speak 93
 different languages as their mother tongues in Nepal. An Ethnologue report [2000] is that there are 128 different languages in Nepal.

               In Nepal the larger number of different languages falls in Sino-Tibetan language family. The speakers of Sino-Tibetan languages are mostly indigenous by their origin. They are remotely settled, fewer in number, economically disadvantaged, socio-politically weaker and unrepresented or under represented to the national life. Situation as such has led to an intense language endangerment in Nepal. After the restoration of democracy in 1990 and also by the concerns of United Nations about the indigenous peoples in the world, different language communities in Nepal have begun to preserve their languages. They have even begun to develop their own scripts, vocabulary, dictionary, grammar and literature etc.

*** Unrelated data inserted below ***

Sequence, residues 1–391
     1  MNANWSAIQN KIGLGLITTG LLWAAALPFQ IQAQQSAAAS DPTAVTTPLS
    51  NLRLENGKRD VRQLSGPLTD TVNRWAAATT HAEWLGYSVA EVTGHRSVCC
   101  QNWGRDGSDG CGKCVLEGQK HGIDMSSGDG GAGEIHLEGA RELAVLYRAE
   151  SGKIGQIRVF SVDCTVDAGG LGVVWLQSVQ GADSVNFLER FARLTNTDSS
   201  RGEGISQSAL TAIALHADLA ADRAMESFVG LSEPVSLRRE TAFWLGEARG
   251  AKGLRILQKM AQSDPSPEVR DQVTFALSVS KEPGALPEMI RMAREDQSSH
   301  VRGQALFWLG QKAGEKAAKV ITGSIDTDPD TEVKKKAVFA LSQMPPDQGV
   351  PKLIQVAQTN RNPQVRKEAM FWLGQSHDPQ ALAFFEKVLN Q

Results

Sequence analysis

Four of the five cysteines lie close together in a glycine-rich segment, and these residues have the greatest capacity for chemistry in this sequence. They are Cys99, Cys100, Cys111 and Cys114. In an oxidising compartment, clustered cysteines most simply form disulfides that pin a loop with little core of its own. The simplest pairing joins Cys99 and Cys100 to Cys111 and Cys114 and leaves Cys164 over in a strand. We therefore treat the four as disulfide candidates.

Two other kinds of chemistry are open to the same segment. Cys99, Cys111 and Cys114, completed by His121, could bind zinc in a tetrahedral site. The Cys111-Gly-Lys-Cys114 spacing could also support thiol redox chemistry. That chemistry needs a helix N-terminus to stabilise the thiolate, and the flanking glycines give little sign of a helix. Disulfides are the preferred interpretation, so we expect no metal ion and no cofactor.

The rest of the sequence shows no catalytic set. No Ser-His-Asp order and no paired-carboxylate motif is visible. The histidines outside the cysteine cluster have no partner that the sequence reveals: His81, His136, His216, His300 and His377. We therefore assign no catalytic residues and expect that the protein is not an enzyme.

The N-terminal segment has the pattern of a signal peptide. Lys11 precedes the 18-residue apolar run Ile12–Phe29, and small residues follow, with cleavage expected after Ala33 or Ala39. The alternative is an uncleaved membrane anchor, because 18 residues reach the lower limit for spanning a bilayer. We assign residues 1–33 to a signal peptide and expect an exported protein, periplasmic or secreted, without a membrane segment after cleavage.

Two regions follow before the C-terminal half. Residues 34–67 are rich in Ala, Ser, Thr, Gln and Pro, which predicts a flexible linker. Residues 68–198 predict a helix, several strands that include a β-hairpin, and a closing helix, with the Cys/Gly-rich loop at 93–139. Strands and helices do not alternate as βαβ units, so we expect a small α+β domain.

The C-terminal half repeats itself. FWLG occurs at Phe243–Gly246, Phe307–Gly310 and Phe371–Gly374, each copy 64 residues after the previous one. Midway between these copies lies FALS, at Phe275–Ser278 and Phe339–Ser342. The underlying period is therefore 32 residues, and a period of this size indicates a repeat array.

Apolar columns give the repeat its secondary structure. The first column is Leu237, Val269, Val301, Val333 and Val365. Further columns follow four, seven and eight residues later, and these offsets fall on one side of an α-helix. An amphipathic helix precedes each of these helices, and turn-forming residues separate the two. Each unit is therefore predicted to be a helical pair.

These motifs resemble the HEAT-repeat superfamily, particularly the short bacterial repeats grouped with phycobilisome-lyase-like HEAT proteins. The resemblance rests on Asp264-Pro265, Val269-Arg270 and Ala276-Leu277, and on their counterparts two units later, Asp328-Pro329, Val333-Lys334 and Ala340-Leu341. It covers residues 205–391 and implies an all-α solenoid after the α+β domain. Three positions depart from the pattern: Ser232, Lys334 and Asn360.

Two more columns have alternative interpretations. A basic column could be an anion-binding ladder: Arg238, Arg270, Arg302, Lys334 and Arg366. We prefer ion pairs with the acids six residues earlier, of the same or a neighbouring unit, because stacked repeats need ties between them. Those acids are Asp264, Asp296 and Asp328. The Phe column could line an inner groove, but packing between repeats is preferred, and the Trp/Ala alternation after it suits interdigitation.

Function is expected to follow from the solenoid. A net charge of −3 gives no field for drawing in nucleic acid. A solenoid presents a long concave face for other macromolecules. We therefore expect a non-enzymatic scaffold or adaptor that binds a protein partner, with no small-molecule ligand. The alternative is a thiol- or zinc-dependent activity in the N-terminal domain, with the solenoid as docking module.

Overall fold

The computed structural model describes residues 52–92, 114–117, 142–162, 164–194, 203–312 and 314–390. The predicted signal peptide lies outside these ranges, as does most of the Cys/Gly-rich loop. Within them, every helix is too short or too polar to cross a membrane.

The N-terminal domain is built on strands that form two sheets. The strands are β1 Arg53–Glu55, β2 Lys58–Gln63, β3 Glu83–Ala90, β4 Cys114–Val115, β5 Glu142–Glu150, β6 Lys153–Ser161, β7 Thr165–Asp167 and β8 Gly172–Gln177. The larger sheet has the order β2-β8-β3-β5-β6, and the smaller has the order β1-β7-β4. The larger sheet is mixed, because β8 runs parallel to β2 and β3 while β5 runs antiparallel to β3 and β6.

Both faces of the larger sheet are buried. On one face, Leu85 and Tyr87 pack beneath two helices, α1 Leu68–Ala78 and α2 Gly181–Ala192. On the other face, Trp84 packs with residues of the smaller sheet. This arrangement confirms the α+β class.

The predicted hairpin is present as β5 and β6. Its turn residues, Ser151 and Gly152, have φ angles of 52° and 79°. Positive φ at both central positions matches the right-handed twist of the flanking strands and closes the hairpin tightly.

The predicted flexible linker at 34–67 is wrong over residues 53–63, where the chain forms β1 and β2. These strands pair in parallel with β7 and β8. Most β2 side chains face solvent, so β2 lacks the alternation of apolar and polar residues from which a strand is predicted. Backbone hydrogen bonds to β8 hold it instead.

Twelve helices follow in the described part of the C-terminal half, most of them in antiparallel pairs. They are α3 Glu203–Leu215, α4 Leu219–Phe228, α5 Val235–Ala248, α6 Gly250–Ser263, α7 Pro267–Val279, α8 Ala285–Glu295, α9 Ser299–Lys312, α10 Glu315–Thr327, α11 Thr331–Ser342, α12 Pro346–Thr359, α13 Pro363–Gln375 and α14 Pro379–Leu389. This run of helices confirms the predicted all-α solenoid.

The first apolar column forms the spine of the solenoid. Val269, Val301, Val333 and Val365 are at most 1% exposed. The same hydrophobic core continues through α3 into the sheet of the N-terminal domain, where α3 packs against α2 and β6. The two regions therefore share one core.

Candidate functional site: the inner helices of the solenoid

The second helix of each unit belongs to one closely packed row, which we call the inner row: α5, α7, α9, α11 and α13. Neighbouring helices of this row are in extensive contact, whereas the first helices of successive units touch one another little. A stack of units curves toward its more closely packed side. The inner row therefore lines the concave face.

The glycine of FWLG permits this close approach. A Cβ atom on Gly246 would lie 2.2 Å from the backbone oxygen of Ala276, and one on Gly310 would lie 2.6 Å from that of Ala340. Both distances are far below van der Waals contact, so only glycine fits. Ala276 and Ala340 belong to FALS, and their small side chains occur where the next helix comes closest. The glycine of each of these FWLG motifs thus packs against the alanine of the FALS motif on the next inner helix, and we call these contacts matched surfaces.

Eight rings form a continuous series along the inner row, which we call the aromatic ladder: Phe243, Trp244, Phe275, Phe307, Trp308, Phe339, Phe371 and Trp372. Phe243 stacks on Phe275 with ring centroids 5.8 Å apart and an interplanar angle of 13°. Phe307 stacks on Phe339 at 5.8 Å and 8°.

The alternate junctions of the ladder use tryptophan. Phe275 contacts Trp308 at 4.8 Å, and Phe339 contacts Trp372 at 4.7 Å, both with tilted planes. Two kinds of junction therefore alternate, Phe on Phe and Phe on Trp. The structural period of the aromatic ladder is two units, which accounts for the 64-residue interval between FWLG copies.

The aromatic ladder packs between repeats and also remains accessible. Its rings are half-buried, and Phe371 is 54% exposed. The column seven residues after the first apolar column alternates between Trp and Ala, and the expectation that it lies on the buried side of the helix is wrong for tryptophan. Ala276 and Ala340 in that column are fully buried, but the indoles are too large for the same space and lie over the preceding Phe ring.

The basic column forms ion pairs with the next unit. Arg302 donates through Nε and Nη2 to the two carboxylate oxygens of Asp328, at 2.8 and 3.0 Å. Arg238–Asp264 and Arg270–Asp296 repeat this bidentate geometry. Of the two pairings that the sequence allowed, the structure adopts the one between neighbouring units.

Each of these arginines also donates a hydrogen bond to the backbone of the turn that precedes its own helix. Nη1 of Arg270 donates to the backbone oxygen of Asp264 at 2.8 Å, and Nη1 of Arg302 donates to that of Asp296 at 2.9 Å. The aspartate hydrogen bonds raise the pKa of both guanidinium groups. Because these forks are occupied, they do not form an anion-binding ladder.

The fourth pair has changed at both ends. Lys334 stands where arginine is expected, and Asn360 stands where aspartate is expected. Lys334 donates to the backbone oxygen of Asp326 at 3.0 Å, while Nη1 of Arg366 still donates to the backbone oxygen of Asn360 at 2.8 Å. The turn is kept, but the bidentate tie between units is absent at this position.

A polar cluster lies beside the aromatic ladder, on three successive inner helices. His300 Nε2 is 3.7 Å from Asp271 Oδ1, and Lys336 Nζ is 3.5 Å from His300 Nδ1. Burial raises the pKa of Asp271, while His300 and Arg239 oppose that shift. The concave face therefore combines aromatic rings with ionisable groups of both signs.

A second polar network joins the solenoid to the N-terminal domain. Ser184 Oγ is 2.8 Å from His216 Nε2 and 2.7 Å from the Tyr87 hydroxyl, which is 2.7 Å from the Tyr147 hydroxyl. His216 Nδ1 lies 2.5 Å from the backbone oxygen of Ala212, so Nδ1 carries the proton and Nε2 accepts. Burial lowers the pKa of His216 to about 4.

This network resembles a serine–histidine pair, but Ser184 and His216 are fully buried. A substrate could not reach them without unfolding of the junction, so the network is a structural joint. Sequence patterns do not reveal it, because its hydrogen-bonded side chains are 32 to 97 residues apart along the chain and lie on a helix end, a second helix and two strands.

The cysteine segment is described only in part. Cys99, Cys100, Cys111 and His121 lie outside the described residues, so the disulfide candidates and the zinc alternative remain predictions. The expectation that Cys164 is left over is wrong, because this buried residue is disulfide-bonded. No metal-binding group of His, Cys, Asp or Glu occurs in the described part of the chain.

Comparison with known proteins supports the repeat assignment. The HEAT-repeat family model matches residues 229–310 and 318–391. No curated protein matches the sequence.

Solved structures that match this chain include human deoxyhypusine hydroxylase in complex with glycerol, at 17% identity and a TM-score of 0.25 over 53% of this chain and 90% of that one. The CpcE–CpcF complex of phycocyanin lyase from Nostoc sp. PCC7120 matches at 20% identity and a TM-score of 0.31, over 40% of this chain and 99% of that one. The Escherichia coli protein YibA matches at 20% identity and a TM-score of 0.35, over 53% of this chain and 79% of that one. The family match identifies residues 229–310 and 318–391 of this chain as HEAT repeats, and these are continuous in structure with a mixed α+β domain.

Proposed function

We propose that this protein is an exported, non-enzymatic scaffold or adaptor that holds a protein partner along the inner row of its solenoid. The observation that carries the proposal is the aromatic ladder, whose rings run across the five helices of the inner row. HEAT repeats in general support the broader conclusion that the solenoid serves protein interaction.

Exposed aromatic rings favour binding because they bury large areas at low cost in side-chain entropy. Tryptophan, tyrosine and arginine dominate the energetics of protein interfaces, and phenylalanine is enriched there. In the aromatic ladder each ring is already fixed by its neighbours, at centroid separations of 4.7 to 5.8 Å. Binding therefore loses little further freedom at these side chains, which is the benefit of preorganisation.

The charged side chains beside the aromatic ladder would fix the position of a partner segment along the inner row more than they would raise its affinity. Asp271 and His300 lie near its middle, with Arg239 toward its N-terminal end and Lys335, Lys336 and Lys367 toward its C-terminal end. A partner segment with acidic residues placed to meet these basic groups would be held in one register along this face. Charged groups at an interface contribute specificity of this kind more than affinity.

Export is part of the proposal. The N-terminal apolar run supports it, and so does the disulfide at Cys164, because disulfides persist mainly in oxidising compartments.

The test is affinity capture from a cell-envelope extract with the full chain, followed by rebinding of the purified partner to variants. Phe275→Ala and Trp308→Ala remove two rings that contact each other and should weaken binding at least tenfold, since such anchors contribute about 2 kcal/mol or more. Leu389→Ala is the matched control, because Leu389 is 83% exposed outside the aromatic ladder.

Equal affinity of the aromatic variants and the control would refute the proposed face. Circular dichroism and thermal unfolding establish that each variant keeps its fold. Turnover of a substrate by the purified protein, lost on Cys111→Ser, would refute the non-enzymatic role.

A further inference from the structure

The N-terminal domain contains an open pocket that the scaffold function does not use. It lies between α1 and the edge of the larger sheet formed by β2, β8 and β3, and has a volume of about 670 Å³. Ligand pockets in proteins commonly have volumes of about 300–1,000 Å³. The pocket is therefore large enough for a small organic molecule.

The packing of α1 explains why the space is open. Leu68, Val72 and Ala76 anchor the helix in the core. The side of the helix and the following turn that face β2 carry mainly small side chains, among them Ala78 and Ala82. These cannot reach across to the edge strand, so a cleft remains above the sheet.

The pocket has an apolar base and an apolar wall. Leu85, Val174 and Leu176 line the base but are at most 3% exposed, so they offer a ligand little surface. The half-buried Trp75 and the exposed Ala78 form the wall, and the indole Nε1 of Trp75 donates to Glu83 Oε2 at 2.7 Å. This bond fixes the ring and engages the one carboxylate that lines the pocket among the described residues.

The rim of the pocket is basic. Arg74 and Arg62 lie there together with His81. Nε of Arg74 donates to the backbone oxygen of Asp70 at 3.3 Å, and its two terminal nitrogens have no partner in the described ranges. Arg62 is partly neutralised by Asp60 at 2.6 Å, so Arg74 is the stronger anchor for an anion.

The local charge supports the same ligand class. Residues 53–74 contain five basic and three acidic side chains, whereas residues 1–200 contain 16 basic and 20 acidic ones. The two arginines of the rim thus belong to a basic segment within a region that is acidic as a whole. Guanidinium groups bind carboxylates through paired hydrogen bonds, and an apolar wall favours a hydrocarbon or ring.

Establishment of Mahendra Sanskrit University for Revival of Sanskrit language

To preserve and promote Sanskrit education in different sectors of Nepalese society and also develop the Kingdom of Nepal into a center for teaching and learning through Sanskrit, the government of Nepal established Mahendra Sanskrit University in December 1986. The university was opened amidst a sharp decline in Sanskrit language in the country. No speaker of Sanskrit has been enumerated in national population census reports. This is an indication that Sanskrit is not spoken as the first language in Nepal. Indeed the great teachings of Rshi Munis[3] of the early centuries, possibly even before the Greeks, are inscribed in Sanskrit language. The Vedas, Upanishads, Smritis, and the much loved philosophy by Hindus � the Bhagbat Gita etc. are written in Sanskrit. Whether Sanskrit is spoken by its speakers or not it has an immense impact upon not only Nepalese social life but upon the much greater mass of population in India also.